Yesterday, The Bank of England warned that nearly one million UK households will face higher mortgage payments due to rising interest rates, potentially impacting financial stability.

The Treasury has stressed the pay rises will be funded through existing departmental budgets, prompting fears from unions of fewer resources for those working in the public sector and potential cuts to services.

When asked how he would pay for increases, Rishi Sunak said it would "mean choices – I'm not shying away from that".

"It's not about cuts, it's just about focusing on public sector workers' pay rather than other things," he added, insisting changes could be made "without impacting frontline service delivery".

He also said the government would raise over £1 billion by "significantly" increasing charges for migrants coming to the UK when they apply for visas and the levy they pay to access the NHS.

A recent analysis carried out by the Home Office has revealed that it will cost the government an estimated £169,000 to send illegal migrants to countries such as Rwanda. The revelation was part of an Impact Assessment of the government's new Illegal Migration Bill, which was first introduced to Parliament in March.

The proposed legislation aims to "prevent and deter unlawful migration, and in particular migration by unsafe and illegal routes, by requiring the removal of certain persons who enter or arrive in the United Kingdom in breach of immigration control".

It follows Prime Minister Rishi Sunak's pledge to "stop the boats" – one of his five key priorities announced in January 2023.

Despite assurances over the funding of the pay increases, the British Medical Association (BMA) has rejected the Government's offer, describing it as a "pay cut in real terms".

According to BMA Head Phil Banfield, Sunak missed a huge opportunity to put a credible proposal on the table.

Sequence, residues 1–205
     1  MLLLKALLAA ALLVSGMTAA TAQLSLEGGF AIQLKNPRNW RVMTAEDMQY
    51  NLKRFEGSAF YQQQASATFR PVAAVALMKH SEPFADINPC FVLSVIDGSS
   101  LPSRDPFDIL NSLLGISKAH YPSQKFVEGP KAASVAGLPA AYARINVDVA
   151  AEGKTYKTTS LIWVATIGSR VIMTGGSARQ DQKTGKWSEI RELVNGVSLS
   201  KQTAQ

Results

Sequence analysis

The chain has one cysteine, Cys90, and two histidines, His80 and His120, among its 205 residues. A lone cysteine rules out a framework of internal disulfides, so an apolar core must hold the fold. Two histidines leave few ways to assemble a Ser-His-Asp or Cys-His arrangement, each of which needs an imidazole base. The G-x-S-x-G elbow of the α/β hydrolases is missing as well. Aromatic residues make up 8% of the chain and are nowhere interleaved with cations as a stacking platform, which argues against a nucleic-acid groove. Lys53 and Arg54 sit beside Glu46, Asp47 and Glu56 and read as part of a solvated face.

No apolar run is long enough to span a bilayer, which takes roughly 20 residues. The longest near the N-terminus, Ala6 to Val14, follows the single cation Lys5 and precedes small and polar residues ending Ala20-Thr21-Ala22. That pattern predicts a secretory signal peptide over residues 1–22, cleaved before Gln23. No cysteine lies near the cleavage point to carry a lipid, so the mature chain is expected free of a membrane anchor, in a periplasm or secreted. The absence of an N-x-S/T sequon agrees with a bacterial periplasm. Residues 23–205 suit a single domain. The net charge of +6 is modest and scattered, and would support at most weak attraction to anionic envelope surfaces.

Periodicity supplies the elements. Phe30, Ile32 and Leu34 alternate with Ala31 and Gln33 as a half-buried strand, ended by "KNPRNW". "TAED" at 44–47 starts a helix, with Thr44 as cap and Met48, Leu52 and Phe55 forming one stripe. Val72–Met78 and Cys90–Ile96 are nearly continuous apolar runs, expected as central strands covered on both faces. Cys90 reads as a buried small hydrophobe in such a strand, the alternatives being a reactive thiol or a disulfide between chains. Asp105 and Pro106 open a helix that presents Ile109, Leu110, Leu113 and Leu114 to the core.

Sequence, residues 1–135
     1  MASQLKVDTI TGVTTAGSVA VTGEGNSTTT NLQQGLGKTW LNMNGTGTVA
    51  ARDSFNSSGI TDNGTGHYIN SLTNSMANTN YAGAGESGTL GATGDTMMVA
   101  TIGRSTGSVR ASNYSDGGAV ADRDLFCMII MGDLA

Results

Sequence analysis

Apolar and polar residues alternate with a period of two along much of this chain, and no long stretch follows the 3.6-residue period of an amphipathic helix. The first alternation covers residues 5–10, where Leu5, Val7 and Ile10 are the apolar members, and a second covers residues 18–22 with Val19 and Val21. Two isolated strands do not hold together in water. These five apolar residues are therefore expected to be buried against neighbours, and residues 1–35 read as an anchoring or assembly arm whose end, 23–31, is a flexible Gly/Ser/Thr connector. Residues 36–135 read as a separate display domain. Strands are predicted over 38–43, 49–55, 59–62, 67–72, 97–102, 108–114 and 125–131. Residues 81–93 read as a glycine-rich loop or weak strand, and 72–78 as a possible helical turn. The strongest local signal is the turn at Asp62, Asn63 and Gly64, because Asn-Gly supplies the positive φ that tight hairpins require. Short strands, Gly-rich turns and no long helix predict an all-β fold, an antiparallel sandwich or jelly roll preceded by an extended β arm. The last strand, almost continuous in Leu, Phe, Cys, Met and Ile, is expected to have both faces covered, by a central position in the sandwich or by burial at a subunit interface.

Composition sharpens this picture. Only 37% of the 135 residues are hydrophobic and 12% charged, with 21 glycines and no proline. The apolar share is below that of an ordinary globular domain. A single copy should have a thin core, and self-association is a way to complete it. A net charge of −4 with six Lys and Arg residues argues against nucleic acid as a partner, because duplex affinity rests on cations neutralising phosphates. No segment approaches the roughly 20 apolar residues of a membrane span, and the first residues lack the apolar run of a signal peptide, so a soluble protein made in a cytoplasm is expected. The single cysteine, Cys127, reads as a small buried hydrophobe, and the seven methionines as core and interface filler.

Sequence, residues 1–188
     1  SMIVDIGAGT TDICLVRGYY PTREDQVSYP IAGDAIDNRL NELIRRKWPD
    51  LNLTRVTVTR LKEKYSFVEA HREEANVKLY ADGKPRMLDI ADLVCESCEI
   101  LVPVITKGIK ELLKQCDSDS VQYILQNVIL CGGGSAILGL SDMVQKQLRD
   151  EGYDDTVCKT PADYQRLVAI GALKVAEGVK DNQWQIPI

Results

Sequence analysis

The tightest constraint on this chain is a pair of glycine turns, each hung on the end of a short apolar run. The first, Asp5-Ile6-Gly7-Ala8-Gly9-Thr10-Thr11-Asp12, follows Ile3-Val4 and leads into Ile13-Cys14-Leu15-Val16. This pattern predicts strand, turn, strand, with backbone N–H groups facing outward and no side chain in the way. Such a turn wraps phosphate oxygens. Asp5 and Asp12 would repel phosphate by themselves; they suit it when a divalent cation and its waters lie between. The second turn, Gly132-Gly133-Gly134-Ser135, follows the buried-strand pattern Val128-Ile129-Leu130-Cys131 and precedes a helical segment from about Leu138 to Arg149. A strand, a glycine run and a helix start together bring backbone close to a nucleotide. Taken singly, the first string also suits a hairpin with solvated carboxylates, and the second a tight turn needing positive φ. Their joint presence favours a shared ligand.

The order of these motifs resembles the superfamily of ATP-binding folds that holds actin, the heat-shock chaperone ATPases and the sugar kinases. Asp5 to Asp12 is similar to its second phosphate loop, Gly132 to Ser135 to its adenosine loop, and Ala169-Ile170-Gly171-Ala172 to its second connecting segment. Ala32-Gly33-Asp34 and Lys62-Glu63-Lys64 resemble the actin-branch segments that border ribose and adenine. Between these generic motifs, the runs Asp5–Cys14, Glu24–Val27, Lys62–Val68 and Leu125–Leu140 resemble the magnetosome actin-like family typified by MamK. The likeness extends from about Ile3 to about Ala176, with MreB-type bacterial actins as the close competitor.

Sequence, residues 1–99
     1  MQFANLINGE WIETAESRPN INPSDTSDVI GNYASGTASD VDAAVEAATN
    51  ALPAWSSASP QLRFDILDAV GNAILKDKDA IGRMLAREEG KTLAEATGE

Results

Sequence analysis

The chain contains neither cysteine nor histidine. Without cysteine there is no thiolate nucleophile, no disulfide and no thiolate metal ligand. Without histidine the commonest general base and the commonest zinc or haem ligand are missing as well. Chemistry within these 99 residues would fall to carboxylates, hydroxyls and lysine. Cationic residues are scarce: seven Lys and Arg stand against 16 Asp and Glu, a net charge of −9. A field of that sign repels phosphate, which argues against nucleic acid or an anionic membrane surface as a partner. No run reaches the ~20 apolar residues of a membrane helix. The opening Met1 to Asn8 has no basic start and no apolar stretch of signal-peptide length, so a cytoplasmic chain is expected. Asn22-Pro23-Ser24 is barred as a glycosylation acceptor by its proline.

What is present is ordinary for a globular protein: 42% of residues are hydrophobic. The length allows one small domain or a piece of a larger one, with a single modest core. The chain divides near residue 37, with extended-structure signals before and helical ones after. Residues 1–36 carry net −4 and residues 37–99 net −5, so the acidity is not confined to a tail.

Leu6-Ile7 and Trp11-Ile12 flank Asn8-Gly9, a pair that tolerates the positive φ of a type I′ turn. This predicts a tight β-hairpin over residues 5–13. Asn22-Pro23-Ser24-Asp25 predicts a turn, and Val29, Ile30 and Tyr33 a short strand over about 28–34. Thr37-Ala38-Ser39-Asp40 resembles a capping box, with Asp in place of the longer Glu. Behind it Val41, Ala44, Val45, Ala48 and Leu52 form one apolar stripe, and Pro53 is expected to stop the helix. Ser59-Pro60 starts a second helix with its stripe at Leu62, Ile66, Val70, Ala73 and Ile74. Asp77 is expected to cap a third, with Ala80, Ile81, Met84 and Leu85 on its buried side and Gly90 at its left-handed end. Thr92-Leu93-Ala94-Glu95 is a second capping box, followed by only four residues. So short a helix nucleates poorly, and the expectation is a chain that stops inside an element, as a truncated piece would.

"As well as junior doctors, consultants are likely to continue to take industrial action" he added.

The prime minister has already ruled out funding increases through extra borrowing or increasing taxes.

Mr Sunak said pay awards in the education department would be fully funded, but did not set out how it would be achieved.

Ben Zaranko, a senior research economist at the respected Institute for Fiscal Studies think tank, warned that without borrowing or tax rises the wage increases would eventually require cuts to public service budgets.

But Dr Mary Bousted, the joint general secretary of the largest teaching union, the National Education Union (NEU), said ministers had given her union guarantees "that this extra funding will not impact on school frontline services".

She also credited strike action with delivering what she said was the "biggest pay rise teachers have received since 2,000".

The prime minister has admitted that his announcement would "cost all of you as taxpayers more than we had budgeted for".

Sunak stated: "That's why the decision has been difficult, and why it has taken time to decide the right course of action. I can confirm today that we are accepting the headline recommendations of the pay review bodies in full, but we will not fund them by borrowing more or increasing your taxes."